So on my planning time today I had to pack up my laptop, my LCD projector, and some dry-erase boards and markers. I drove a quarter-mile up the street to a school in the middle of Clifton Park for a second interview. The process was simple: teach a 20-minute demo lesson to a sixth grade class, then get interviewed by students, then get interviewed by staff at the school following a presentation of another lesson plan.
As I was packing up my stuff the kids started whispering. "Yo, he quittin'!" They got very quiet. "You leaving Mr. G?" they asked. "I'm only going to another school for an hour. I'll be back later." "Yo, he quittin'," I heard again.
The school I applied to is a charter run via Americorps and there were no kids in the halls running amuck. I saw plenty of hall monitors and there were a half-dozen volunteers on every floor moving around. I taught a group of sixth graders who were respectful, engaged, and curious. A couple of special ed kids in the general classroom had one-on-one paraprofessionals sitting next to them. There was another full-time special educator in the classroom as well (all of this is supposed to be the case at my school). I was observed by a couple of teachers as I used art and texts to teach the concept of literary tone. The kids wrote their responses on dry-erase boards. One girl asked "Can you be our teacher next year?"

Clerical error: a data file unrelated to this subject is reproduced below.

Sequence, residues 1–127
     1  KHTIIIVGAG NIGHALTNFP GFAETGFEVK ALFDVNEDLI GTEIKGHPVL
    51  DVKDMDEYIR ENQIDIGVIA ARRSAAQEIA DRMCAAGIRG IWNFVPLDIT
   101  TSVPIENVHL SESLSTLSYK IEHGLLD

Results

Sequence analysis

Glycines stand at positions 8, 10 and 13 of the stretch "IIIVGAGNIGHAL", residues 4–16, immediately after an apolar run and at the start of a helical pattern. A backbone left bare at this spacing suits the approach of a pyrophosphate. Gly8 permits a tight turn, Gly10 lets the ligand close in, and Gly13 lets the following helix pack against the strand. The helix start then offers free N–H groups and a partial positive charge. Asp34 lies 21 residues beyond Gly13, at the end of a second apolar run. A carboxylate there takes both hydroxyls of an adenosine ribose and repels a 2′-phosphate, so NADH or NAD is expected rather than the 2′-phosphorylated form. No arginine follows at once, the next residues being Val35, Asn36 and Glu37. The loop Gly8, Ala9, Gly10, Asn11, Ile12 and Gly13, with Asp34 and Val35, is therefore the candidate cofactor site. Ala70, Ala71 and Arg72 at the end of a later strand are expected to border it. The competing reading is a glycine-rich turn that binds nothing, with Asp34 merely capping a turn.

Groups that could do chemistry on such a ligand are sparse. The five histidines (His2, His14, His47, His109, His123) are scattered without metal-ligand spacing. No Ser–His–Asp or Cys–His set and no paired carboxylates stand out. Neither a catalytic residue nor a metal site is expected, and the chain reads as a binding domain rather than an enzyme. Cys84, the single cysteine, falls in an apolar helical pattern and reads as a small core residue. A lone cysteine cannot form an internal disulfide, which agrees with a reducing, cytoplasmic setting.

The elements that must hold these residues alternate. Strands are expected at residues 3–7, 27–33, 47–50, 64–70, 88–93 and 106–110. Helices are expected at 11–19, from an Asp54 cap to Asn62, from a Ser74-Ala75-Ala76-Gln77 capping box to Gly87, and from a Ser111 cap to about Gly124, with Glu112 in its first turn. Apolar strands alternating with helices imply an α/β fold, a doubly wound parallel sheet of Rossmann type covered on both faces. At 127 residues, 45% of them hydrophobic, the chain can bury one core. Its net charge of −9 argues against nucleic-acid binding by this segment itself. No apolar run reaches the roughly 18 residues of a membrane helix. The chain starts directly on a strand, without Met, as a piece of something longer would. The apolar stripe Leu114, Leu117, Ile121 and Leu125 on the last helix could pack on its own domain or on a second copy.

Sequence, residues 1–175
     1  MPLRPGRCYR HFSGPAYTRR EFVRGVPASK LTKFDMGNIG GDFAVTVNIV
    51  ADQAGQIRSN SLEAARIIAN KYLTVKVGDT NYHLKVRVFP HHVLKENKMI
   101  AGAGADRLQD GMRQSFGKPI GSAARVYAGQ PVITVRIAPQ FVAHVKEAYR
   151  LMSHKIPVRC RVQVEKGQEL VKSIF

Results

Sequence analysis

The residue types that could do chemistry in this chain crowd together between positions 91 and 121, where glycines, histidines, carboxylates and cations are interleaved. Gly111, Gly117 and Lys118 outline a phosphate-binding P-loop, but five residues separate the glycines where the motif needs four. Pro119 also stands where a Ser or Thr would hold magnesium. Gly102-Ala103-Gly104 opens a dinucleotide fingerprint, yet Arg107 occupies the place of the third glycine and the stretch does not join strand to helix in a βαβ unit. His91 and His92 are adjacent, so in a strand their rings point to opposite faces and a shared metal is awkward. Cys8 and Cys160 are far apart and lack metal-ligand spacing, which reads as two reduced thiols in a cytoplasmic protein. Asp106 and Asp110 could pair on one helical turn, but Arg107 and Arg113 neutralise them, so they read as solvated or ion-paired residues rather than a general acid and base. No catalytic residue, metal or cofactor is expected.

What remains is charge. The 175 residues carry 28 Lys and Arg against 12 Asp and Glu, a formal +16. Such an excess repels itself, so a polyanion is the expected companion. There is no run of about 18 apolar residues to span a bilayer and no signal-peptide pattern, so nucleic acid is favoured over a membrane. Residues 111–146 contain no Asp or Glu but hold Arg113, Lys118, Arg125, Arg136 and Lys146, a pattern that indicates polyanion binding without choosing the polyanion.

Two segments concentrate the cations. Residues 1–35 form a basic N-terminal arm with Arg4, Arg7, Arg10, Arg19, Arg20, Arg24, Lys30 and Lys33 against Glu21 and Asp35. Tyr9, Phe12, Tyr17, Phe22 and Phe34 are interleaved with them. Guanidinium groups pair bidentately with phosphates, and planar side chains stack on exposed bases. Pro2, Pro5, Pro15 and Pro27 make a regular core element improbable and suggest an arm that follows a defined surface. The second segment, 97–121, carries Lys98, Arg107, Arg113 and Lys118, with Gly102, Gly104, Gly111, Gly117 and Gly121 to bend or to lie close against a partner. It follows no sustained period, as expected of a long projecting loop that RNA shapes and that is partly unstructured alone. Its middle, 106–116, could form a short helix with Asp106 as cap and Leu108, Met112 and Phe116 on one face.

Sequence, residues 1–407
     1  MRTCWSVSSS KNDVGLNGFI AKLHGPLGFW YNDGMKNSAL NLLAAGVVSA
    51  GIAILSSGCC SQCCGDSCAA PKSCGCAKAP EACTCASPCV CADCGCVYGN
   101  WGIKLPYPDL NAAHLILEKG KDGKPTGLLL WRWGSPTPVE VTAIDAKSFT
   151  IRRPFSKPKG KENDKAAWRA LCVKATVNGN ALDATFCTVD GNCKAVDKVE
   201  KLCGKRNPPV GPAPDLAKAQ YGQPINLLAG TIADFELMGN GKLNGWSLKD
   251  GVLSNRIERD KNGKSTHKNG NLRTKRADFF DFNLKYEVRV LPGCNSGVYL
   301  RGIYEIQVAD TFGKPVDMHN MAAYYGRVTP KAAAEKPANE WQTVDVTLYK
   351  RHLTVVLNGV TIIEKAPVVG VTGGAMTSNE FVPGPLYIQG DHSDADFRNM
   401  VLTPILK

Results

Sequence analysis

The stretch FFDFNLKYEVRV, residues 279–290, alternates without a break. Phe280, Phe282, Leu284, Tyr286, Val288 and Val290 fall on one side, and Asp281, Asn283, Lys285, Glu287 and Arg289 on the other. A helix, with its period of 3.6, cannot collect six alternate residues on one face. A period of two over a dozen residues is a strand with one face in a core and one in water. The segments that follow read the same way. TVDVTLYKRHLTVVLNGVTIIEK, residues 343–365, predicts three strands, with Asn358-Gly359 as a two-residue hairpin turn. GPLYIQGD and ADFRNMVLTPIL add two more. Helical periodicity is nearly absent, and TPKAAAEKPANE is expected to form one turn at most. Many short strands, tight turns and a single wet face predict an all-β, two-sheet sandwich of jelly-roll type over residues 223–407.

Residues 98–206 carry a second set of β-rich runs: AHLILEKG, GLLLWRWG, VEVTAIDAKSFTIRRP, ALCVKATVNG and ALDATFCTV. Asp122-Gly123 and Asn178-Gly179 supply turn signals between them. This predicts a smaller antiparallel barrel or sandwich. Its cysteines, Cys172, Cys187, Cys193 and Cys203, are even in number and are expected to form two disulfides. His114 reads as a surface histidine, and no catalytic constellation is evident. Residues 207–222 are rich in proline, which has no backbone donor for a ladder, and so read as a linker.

I rushed through the next parts of the process and out the building so I could get back to the March for last period. Kids ran up and hugged me and said "we heard you quit after second period! We're so glad you're back!" Then they proceded to drive me up a wall for 45 minutes. At the end of class Nerdra asked me if I was leaving the March for next year, and I said "probably." She said "You just gonna dump us like that?" I said I needed to go somewhere where the kids want to learn, where I don't have to yell over them all the time. She replied: "You just need to see the beauty in that, is all."